Murphy-backed law encouraging you to vote by mail was just killed by powerful N.J. board

Updated Nov 15, 2019

A controversial state law Gov. Phil Murphy signed last year encouraging more New Jerseyans to vote by mail was just thrown out by a little-known but powerful state board.

Under the law, Garden State residents who voted by mail in 2016 or later automatically receive mail-in ballots from their county clerk for every subsequent election, unless they request to opt out.

But the New Jersey Council on Local Mandates invalidated the law Friday, ruling that it amounted to an unfunded mandate on the state’s 21 counties.

That means the council ruled the state is forcing the counties to enforce the law without giving them proper funding to cover the cost of sending out an influx of ballots.

The council sided with the New Jersey Association of Counties, which had argued the state was violating the state constitution by imposing an unfunded mandate.

Thus, the state Legislature must pass a new bill with adequate funding and Murphy must sign it for the law to be resurrected.

Murphy’s office did not immediately respond to messages seeking comment.

The Council on Local Mandates reviews laws in New Jersey to makes sure they’re in line with the state constitution’s “state mandate, state pay” amendment. In other words, it makes sure the state can’t mandate local governments fall in line with a new law if it did not provide them enough funding.

In the past, New Jersey voters had the option of voting by mail in any election if they applied for a ballot by the deadline.

The law Murphy signed August 2018 said anyone who voted by mail in the 2016 election would automatically receive mail-in from now on.

Murphy, a progressive Democrat, said the goal was to make it easier for more people to vote.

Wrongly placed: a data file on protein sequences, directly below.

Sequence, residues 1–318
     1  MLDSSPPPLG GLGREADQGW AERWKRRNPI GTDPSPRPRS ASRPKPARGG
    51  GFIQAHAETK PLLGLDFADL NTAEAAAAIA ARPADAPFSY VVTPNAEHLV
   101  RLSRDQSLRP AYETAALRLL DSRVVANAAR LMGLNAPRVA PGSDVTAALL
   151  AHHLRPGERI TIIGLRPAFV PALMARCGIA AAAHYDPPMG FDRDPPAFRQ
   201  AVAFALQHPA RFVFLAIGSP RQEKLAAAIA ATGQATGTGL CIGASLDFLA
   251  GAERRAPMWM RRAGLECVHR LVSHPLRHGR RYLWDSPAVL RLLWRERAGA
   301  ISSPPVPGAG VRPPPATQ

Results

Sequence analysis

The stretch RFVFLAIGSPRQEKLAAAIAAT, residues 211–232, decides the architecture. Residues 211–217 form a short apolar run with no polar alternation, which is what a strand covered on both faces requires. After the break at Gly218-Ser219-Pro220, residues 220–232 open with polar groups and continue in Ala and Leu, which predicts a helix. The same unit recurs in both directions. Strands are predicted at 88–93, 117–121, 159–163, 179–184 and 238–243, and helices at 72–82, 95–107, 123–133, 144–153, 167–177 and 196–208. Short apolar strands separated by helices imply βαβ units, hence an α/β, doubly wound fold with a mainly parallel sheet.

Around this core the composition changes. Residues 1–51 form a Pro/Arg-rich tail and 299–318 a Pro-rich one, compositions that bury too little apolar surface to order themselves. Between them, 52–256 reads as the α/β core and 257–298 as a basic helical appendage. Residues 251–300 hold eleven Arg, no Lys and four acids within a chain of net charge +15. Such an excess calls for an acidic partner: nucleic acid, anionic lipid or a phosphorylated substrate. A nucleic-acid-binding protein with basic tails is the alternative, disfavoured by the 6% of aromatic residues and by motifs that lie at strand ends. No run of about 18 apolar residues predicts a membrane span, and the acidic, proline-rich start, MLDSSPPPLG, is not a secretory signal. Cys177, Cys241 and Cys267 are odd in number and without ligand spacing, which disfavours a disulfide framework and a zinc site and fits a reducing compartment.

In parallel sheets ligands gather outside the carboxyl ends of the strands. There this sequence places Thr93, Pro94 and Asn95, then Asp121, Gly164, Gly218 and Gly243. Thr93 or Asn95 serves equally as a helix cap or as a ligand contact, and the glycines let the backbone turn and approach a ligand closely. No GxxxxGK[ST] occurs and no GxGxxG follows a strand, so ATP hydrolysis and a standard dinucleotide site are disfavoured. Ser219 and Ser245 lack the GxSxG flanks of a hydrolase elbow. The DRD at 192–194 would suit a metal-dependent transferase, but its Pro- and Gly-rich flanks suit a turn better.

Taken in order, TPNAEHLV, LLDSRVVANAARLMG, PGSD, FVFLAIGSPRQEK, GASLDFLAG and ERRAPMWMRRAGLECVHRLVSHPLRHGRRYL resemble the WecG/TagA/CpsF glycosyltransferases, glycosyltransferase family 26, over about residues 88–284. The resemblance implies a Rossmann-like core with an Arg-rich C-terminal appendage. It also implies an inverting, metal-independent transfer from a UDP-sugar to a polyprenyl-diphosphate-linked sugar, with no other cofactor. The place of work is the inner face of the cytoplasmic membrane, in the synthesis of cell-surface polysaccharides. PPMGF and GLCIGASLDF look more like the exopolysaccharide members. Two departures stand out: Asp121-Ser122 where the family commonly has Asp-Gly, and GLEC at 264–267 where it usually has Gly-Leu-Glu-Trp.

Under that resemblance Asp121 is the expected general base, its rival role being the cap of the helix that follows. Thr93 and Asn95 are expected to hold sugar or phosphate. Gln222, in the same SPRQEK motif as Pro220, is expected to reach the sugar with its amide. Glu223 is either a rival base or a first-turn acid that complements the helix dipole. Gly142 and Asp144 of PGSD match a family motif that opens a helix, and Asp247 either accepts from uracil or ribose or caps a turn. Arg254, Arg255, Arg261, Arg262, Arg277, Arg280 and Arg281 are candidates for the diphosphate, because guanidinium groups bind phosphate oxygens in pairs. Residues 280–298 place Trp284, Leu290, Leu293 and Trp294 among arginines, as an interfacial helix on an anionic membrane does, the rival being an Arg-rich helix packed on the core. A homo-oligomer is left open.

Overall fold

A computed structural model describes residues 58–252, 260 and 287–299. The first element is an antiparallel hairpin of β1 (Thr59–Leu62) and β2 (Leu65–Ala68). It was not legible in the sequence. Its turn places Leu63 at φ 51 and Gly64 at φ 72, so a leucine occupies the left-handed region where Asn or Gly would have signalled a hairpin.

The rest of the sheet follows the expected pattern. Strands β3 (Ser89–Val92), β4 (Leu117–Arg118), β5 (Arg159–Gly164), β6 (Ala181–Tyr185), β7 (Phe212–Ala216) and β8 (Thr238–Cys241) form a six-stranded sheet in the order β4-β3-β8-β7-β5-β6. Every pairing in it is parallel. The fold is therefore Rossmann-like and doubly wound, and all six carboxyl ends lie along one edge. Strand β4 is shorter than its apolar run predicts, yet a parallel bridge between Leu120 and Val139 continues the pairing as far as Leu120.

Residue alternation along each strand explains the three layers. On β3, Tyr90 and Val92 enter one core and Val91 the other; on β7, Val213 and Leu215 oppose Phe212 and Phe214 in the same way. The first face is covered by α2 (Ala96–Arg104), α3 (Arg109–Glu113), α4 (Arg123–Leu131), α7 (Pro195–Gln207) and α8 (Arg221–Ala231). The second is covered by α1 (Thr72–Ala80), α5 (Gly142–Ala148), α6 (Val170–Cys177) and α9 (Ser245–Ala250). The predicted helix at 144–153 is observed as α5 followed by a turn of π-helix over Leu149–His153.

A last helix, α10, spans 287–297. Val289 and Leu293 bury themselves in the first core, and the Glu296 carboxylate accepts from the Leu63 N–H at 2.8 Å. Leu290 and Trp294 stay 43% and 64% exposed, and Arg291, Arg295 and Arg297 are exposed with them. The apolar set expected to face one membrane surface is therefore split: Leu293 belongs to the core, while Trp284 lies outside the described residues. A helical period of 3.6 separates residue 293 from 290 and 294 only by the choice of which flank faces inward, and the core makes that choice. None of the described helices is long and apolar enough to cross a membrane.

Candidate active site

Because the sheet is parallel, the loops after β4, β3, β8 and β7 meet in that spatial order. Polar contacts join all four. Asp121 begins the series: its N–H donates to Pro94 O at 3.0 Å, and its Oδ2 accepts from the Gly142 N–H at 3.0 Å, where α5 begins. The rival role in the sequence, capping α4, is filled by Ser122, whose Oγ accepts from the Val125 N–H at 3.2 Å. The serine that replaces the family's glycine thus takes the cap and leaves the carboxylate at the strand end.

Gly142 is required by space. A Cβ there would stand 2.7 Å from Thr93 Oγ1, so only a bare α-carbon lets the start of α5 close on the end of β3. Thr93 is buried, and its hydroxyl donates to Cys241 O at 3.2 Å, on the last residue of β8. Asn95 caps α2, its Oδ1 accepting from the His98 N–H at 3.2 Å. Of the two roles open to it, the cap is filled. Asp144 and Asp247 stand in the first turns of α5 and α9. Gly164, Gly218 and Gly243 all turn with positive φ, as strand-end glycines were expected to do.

The law helped lead to more than 240,000 people voting by mail in New Jersey’s elections earlier this month — a significant uptick from years past.

But the Association of Counties argued the law did not include funding from the state to help counties pay for the millions in taxpayer money it costs to implement the law..

The Murphy administration argued to the council that the law could actually save counties time and money because they wouldn’t have to process as many applications.

The administration also argued the law fell into the exceptions written into the “state mandate, state pay" rule because it “implements a provision of the New Jersey Constitution by enforcing and promoting the right to vote” and “eases an existing requirement or mandate in providing voters with mail-in ballots.”

Critics also said the law was confusing. Lawmakers in August rushed to pass an emergency fix to make sure that tens of thousands of people who voted by mail in 2017 and 2018 would also automatically receive mail-in ballots and not have to visit their clerks in person.

Lawmakers allocated $2 million this time to help counties, which the council said “constitutes a clear and unequivocal recognition by the Legislature that the mandate created by the amendments to the ‘vote by mail’ law required some degree of funding in order to be valid.”

But while Murphy quickly signed the fix into law in August, he froze the money authorized by the Legislature, “thereby rendering the funds unavailable for the stated purpose," the council said.

“In the absence of any funding of the mandate, we find and determine that the challenged laws constitute unfunded mandates,” the council added.

The ruling concludes that "the challenged provisions of the law shall cease to be mandatory in their effect and shall forthwith expire.”

John Donnadio, executive director of the Association of Counties, said he and his group are pleased with the decision.

“We never questioned the policy of voting by mail," Donnadio told NJ Advance Media. "We just opposed that this imposed an unfunded mandate on our county clerks.”

Friday’s ruling does not affect the elections held last week. Nor does the ruling force the state to repay the counties, Donnadio said.

But the state would either have to let the ruling stand or pass a new law to move forward for next year’s elections, he said.

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